Investigators at Dana-Farber and their colleagues from other Harvard Medical School-affiliated hospitals and the University of Massachusetts Medical School will receive a $15.1 million grant over 4 1/2 years to fund research on a safer vaccine against the smallpox virus, an agent that has raised concerns as a potential bioterror weapon.
NIAID is committing approximately $85 million to develop the Cooperative Centers, a biodefense research network that focuses on the immune system. Investigators from the Cooperative Centers will work closely on projects to improve the nation's ability to respond to a biological terror attack. The goal of the research is to develop a better understanding of how the human immune system responds to disease-causing organisms, whether they are deliberately released or naturally occurring.
The Dana-Farber grant will support studies probing the body's immune response to the virus used in the current smallpox vaccine and to other viruses that may offer safer alternatives. The current vaccine, which is credited with eradicating smallpox around the world but hasn't been in general use in the United States since the early 1970s, uses a vaccinia virus - a cousin of the smallpox virus - to prompt an immune response that protects against smallpox. Though effective, the vaccine can cause serious complications in people with weakened immune systems, such as cancer and AIDS patients, or with skin diseases such as eczema.
"The aim of our research is to understand, in precise detail, the nature of the human immune system's response to the vaccinia virus and to other related viruses that potentially could be used as vaccines," says Dana-Farber's Ellis Reinherz, M.D., who is the principal investigator of the grant and a professor of medicine at Harvard Medical School. "Once we determine the mechanism by which the vaccine builds immunity and, in some cases, produces complications, we'll be in a position to develop effective alternatives that carry fewer risks."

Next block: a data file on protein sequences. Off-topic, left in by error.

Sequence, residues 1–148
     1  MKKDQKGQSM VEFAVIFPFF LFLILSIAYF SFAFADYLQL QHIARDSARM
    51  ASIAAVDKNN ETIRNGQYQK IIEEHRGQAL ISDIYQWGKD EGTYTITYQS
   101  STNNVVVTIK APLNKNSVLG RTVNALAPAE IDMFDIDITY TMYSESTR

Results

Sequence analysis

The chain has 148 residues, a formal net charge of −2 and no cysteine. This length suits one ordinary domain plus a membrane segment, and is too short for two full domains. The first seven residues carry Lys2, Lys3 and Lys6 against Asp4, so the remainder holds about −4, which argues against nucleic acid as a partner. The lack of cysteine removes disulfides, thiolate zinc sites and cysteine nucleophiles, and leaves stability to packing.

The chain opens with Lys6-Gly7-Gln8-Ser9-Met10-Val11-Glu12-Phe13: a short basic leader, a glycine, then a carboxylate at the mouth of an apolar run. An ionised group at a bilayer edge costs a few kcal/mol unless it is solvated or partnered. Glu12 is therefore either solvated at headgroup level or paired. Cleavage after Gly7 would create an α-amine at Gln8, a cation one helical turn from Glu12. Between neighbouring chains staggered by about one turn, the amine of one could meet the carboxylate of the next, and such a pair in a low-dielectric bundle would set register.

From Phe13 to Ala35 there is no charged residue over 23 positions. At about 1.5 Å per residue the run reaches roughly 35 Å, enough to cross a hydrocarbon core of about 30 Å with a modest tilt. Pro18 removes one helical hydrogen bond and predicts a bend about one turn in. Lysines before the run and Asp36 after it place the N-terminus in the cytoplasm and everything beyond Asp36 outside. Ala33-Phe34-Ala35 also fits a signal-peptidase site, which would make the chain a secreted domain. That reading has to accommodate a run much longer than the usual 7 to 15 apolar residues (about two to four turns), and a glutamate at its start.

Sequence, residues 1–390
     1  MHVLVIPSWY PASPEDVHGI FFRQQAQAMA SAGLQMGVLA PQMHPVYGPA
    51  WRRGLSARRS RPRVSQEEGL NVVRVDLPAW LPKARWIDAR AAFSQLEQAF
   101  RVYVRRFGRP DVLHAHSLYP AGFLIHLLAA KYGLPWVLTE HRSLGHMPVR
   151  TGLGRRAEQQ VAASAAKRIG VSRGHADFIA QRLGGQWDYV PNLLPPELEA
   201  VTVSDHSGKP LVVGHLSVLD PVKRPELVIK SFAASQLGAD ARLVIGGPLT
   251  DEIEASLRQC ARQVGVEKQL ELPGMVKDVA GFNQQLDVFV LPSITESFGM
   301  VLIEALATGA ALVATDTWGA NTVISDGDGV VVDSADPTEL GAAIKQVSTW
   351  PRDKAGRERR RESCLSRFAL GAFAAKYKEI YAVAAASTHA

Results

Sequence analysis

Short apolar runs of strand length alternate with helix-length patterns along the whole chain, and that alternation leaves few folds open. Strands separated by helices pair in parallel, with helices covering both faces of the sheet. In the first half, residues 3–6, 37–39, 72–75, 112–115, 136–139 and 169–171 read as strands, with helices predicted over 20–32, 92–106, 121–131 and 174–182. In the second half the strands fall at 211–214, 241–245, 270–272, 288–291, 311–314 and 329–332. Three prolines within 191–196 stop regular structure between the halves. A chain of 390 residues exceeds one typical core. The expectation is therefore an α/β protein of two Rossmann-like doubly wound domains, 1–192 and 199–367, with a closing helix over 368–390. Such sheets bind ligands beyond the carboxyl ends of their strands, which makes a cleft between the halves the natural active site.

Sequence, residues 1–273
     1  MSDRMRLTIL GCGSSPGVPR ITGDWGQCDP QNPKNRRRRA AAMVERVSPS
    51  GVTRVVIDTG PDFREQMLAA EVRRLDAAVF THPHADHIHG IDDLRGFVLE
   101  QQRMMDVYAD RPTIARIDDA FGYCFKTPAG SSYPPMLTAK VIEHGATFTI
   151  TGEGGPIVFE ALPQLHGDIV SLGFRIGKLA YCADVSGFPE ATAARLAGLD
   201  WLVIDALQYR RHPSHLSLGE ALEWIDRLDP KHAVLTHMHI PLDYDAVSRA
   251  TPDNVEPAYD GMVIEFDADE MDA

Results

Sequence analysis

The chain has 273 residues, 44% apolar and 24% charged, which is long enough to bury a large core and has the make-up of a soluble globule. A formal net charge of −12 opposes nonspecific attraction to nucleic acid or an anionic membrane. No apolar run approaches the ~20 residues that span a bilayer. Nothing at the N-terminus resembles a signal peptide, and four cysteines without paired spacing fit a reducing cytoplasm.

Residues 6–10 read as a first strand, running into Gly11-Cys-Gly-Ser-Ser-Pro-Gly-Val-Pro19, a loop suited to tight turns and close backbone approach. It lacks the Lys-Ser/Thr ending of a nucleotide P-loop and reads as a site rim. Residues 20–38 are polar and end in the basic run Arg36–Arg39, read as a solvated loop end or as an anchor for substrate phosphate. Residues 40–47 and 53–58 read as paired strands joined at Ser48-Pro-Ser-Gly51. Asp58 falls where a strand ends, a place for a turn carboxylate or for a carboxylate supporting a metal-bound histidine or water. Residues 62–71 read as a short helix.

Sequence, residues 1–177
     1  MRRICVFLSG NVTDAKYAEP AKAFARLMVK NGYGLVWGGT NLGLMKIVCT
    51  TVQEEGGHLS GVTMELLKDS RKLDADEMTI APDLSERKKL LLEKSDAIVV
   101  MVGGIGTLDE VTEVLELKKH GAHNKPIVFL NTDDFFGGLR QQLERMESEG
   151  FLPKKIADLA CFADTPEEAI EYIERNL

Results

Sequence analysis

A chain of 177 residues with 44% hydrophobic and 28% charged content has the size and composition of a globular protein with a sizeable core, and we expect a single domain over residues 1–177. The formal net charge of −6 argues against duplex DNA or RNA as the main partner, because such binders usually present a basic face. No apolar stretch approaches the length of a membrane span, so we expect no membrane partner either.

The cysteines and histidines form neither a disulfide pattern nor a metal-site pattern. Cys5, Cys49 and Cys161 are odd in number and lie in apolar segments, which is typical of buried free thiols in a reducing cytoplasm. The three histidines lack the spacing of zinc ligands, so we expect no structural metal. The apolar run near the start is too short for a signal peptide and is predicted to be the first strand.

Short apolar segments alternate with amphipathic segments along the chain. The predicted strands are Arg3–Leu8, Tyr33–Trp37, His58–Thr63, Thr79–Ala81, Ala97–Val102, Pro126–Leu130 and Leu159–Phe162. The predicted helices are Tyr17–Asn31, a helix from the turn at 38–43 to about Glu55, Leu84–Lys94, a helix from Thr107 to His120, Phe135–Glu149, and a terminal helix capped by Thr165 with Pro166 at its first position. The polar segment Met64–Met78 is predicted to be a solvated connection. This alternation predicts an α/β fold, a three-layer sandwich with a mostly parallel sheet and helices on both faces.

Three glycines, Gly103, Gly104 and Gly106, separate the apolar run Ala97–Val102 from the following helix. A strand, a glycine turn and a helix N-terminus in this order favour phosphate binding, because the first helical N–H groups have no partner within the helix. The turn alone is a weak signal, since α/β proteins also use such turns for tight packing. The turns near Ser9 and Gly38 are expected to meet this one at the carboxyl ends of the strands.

In addition to Reinherz, the grant's project leaders are Raphael Dolin, M.D., Dean for Academic and Clinical Programs at Harvard Medical School and the Maxwell Finland Professor of Medicine at Brigham and Women's Hospital; Jerome Ritz, M.D., director of the Connell O'Reilly Cell Manipulation and Gene Transfer Laboratory at Dana-Farber; Thomas Kupper, M.D., the Thomas B. Fitzpatrick Professor of Dermatology at Brigham and Women's Hospital; Elliott Kieff, M.D., Ph.D., the Harriet Ryan Albee Professor of Medicine at Brigham and Women's Hospital; and Raymond Welsh, Ph.D., professor of pathology and professor of molecular genetics and microbiology at the University of Massachusetts Medical School in Worcester, Mass.
NIAID is a component of the National Institutes of Health, which is an agency of the Department of Health and Human Services. NIAID supports basic and applied research to prevent, diagnose and treat infectious and immune-mediated illnesses, including HIV/AIDS and other sexually transmitted diseases, illness from potential agents of bioterrorism, tuberculosis, malaria, autoimmune disorders, asthma and allergies.
Dana-Farber Cancer Institute is a principal teaching affiliate of the Harvard Medical School and is among the leading cancer research and care centers in the United States. It is a founding member of the Dana-Farber/Harvard Cancer Center (DF/HCC), designated a comprehensive cancer center by the National Cancer Institute.